The bunker has been abandoned for over 70 years.
Without a doubt, our little rock in the middle of the Med played an important role during the battles of World War II. The island was modified as it became a military base, and one important site was the Lascaris War Rooms and the War Headquarters in Valletta.
Lascaris War Rooms / Facebook
During a restoration, Fondazzjoni Wirt Artna came across what was a long lost part of the original headquarters – a massive underground bunker. The rediscovered area started being built around 1941 but was never finished due to the war having ebbed away in 1943, while it was still under construction. The fascinating bunker is being opened to the public for a one-time event on 17th March.
Fondazzjoni Wirt Artna via Special Tour of the Unfinished Bunker / Facebook
The first-ever guided tour of the bunker
After being abandoned for 70 years, Fondazzjoni Wirt Artna is offering the public the chance to witness the grandeur and uncover the secrets of the unfinished bunker. The hour-long introductory tour will begin at 10.30am, 11.30am and 12.30pm on Sunday 17th March. Each explorer will be given a printed history, which includes archive maps of the war rooms.
Lascaris War Rooms / Facebook
Hard hats will be distributed, and personal torches and sensible shoes are to be brought along. A maximum of 150 visitors will be allowed in on the day across the three tours, so booking is essential! The tour will be against a fee of €15 for adults, €10 for members and €5 for kids. You can book your place for this incredible event here.
Saluting Battery / Facebook
A jump back through time
The unfinished bunker is located on two levels within the subsoil of the St Peter and Paul Counterguard in Valletta, covering an area of some 8,000 square metres. The envisioned plan for this area was to build an accommodation and office space, as well as an operations space. The accommodations and office were built and modernised, however works on the second part came to a halt as skilled miners were needed elsewhere.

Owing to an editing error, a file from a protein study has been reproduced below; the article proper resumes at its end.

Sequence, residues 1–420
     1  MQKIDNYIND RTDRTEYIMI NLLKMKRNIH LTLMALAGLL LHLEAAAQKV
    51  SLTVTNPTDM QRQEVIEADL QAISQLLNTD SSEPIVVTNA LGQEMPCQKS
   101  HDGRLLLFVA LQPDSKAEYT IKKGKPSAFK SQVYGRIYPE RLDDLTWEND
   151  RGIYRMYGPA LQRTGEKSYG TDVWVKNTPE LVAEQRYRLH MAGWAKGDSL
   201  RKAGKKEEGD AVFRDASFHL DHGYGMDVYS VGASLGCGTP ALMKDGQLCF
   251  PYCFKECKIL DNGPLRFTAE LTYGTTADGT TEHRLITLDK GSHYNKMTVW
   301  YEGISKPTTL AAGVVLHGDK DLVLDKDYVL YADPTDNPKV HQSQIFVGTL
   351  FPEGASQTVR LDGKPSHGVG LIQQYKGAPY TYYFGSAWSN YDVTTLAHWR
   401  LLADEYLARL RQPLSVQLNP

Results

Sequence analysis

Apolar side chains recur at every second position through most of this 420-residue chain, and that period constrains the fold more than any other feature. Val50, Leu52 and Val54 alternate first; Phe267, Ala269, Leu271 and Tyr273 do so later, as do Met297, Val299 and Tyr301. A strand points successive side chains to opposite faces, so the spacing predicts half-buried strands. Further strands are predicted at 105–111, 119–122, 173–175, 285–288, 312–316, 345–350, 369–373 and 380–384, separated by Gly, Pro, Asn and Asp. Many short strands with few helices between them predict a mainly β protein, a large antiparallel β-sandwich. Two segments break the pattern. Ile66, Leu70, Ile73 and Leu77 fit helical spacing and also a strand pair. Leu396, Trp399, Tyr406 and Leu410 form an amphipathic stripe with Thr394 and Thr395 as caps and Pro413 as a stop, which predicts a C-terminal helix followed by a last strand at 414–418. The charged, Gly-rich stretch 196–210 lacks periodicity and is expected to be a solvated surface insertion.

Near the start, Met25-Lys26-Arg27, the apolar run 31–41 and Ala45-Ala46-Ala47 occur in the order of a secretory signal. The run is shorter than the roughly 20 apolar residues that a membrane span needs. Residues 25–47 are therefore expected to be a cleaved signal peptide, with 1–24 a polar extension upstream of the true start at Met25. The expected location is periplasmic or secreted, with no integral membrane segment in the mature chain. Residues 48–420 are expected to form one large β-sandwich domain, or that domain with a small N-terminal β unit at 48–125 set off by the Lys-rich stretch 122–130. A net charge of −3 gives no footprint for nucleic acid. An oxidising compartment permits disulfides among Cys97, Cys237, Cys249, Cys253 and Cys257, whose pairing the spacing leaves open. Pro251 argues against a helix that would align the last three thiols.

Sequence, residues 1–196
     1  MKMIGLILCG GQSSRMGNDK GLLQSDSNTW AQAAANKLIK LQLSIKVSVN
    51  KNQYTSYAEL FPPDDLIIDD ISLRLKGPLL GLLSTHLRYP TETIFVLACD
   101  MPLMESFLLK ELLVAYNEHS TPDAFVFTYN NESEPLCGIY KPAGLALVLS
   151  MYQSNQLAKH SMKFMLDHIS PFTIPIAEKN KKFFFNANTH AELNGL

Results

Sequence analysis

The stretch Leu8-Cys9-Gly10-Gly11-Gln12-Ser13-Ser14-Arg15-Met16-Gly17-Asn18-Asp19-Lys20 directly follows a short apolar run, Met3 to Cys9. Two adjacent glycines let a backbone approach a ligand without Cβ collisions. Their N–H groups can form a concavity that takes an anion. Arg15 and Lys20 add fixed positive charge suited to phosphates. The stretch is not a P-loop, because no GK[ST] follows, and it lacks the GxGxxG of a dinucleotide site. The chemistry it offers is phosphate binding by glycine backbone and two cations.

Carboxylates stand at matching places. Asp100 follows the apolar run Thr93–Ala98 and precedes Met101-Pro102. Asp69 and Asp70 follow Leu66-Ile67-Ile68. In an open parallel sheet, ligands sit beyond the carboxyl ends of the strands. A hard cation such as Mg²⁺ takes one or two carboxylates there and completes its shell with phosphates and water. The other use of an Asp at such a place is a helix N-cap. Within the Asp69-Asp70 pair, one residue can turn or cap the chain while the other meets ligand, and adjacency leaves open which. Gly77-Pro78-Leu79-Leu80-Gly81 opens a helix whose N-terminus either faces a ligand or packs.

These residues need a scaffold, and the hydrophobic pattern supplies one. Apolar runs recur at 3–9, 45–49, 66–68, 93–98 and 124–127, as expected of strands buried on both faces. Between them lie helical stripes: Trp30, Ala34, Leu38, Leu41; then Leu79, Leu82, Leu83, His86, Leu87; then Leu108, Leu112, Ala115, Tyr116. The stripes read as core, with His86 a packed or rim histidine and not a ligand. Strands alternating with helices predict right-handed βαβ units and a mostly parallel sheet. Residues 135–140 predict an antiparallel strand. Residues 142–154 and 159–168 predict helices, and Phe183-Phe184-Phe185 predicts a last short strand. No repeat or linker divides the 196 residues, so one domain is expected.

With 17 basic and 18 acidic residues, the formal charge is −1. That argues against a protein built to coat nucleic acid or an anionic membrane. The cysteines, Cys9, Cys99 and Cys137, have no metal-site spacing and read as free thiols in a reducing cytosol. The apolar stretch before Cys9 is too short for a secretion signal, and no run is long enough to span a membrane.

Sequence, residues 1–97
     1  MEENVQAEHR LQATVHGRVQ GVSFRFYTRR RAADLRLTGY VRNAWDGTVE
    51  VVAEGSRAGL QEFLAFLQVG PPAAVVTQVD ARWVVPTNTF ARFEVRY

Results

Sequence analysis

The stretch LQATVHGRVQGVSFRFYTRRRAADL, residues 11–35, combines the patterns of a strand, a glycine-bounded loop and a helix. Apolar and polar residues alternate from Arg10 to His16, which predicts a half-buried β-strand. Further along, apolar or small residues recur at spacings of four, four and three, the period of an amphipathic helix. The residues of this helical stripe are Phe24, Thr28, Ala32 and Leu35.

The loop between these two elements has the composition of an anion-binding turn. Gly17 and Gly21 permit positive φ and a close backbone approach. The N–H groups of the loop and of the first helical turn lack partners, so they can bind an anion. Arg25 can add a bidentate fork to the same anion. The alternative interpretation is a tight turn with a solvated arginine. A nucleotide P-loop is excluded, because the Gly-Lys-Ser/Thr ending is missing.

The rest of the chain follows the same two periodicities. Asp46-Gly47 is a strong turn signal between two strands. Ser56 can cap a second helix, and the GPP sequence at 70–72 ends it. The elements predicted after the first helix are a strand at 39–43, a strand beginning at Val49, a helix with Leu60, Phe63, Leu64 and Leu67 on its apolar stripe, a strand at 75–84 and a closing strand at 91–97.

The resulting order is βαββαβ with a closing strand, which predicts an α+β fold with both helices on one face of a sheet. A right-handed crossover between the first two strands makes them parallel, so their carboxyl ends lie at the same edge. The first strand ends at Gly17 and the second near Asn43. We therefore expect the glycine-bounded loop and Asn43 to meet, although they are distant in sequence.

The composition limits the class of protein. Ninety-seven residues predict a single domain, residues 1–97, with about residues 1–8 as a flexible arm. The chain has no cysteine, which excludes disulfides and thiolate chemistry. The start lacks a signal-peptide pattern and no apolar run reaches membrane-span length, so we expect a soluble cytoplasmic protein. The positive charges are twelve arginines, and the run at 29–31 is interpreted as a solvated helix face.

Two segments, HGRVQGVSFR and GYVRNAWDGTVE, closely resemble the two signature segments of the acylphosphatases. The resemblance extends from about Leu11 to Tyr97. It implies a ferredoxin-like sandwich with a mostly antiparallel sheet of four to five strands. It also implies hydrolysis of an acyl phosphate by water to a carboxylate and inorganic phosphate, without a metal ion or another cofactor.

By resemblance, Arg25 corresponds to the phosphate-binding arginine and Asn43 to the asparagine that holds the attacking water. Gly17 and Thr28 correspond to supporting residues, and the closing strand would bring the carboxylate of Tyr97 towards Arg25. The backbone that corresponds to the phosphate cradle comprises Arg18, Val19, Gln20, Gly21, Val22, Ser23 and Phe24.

Ernest Ferrante via Malta In Photographs / Facebook
By the time enough labour became available in mid-1942, the war momentum changed and plans for the bunker did too. As the war switched gears in favour of the allies, it also ebbed away from Malta. By the end of the year, almost all facilities in the Lascaris Ditch were closed down or briefly deserted in favour of moving them out to the airfields. Plans to complete the bunker were initially suspended, leaving all the machinery and equipment in place, but eventually all was forgotten.
Simon Cusens via The Malta George Cross Movement / Facebook
Some years later in the early 1950s, the matter was briefly resuscitated by the War Department, but it was immediately stalled, this time for good. Orders were give to block all access and the area was permanently sealed and forgotten. Due to this impromptu decision, the interior of the building has been frozen in time, with all the rails, mining carts and equipment still in place as if the workers were to come back to carry on their mining work.
Will you be visiting this impressive time capsule?